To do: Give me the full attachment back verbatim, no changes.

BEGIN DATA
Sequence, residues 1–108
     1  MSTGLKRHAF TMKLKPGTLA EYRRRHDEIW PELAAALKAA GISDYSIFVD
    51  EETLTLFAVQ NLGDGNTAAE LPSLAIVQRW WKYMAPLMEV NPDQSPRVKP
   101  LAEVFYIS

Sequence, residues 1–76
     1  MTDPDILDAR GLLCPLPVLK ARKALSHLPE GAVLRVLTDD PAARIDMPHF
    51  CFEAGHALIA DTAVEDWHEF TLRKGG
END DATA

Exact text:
Sequence, residues 1–108
     1  MSTGLKRHAF TMKLKPGTLA EYRRRHDEIW PELAAALKAA GISDYSIFVD
    51  EETLTLFAVQ NLGDGNTAAE LPSLAIVQRW WKYMAPLMEV NPDQSPRVKP
   101  LAEVFYIS

Sequence, residues 1–76
     1  MTDPDILDAR GLLCPLPVLK ARKALSHLPE GAVLRVLTDD PAARIDMPHF
    51  CFEAGHALIA DTAVEDWHEF TLRKGG